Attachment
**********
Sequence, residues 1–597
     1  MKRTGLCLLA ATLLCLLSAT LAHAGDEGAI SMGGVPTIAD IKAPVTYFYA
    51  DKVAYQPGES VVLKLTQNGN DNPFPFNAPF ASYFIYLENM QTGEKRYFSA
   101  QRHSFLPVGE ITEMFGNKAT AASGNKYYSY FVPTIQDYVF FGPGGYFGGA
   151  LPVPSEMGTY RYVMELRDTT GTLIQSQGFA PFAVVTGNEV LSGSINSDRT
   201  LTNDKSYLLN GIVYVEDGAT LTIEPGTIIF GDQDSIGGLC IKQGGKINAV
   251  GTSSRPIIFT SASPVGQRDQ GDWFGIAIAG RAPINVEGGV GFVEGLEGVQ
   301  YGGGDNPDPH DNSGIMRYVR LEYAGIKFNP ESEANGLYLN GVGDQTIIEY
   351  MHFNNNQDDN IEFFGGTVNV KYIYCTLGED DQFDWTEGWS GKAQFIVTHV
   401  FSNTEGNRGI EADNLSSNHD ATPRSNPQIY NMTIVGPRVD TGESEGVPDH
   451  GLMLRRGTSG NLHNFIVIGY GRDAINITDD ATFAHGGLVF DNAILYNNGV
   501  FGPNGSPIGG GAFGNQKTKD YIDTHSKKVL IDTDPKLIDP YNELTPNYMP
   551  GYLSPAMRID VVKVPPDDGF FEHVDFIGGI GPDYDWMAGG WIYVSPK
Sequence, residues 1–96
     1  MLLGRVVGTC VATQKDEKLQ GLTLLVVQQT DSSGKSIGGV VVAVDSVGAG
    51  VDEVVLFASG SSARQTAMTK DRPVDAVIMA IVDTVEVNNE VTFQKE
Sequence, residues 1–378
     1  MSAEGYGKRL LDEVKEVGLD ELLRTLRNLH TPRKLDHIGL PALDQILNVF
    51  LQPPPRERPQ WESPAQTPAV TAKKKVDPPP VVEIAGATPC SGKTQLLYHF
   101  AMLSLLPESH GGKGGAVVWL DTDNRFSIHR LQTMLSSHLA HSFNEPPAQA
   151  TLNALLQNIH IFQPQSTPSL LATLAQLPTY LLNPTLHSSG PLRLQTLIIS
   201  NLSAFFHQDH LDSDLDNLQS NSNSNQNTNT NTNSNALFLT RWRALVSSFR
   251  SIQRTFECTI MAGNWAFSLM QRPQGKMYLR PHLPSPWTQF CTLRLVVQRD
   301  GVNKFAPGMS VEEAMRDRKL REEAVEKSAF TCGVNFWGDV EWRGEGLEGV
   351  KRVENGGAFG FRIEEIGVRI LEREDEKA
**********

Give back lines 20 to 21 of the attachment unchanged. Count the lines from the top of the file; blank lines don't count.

   101  AMLSLLPESH GGKGGAVVWL DTDNRFSIHR LQTMLSSHLA HSFNEPPAQA
   151  TLNALLQNIH IFQPQSTPSL LATLAQLPTY LLNPTLHSSG PLRLQTLIIS